Besieged – Victims Beyond All Help

Jayaprakash Satyamurthy reviews the reissue of the album from Besieged titled Victims Beyond All Help, released via Unspeakable Axe Records.



‘Internal Suffering’
‘Buried Alive’
‘The End’
‘Victims Beyond All Help’
‘Trapped Inside’

This is fierce! Besieged isn’t just another gang of wistful reprobates longing for a mid-80s utopia of denim vests and white hi-top sneakers. They’re a fast, furious band who prove that thrash metal isn’t just an outmoded subgenre or an exercise in nostalgia. As far as I’m concerned, there are very few thrash revival acts out there worth listening to, and Besieged’s straight-for-the-jugular attack and relentless barrage of whipcracking riffage make it clear that they’re here to chew gum and kick some ass.

Remember when Sepultura was awesome? I’m talking Beneath The Remains and Arise. Remember Dark Angel at their peak? Remember how there was a time when death metal and thrash weren’t that far apart, when you could hear the genres bleeding into each other at the edges? Besieged operates in that space, but that’s not to say that their sound is a throwback. A song like the simply-titled, aggressively perfect ‘Death’ with its swirling riffs constantly ratcheting up the heaviness factor isn’t just an attempt to recreate the past; it’s an absolutely up-to-the-minute, vital and immediate song in a genre that still has a lot of life in it in the right hands. Nolan Smit’s furious, barked-out vocal delivery is pleasingly reminiscent of Max Cavalera at his most furious or Mille Petroza in his earlier years. Unlike the usual Bay Area necrophilia, the riffing draws as much on the Teutonic thunder of very Sodom as it does on American thrash. This makes for a volatile cocktail, one that erupts with dazzling incendiary violence on another album highlight, ‘The End’ or the title track, a veritable feast of riffs with enough chunky, sizzling mosh fodder to whet even the most jaded appetite.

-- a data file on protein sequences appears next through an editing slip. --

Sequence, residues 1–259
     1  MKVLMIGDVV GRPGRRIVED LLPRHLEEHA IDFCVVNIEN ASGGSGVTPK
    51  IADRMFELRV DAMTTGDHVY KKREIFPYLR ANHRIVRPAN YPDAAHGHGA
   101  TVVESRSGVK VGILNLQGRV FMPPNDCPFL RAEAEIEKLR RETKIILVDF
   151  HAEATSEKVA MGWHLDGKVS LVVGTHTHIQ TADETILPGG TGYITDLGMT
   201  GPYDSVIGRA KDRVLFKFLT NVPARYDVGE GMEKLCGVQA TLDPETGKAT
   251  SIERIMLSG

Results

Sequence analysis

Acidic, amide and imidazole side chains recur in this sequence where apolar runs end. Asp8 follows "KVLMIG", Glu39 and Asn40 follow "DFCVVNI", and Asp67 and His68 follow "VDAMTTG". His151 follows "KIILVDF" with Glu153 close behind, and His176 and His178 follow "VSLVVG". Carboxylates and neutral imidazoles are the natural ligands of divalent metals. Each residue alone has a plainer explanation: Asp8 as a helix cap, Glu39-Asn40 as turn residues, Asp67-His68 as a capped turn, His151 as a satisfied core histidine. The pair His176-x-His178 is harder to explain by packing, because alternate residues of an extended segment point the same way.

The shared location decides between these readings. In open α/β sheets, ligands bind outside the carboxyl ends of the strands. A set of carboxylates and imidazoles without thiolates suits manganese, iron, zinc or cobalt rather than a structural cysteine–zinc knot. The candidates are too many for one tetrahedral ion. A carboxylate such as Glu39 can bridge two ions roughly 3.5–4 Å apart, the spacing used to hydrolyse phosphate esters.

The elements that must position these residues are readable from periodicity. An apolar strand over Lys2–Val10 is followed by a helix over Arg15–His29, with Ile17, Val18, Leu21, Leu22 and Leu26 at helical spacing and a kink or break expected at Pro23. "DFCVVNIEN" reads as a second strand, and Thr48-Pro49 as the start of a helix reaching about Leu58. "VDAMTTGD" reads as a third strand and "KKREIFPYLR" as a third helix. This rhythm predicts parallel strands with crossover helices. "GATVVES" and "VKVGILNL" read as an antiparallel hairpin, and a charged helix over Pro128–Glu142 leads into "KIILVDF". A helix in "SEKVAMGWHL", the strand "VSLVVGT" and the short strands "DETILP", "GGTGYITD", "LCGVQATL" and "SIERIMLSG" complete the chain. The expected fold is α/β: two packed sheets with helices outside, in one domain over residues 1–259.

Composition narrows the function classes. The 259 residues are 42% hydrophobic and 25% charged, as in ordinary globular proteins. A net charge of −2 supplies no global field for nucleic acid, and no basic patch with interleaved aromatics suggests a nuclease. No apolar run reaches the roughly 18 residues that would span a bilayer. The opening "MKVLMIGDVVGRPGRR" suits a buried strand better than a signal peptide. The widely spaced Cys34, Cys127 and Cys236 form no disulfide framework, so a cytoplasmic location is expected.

There’s nary a misstep on this steaming platter of some of the juiciest thrash metal it has been my pleasure to consume in the past decade or so. The album was originally independently released, and major props are due to Dark Descent’s thrash sub-label, Unspeakable Axe who’ve picked another real winner for their sophomore release. I can’t wait to see what this band, and this label, has lined up for us next!



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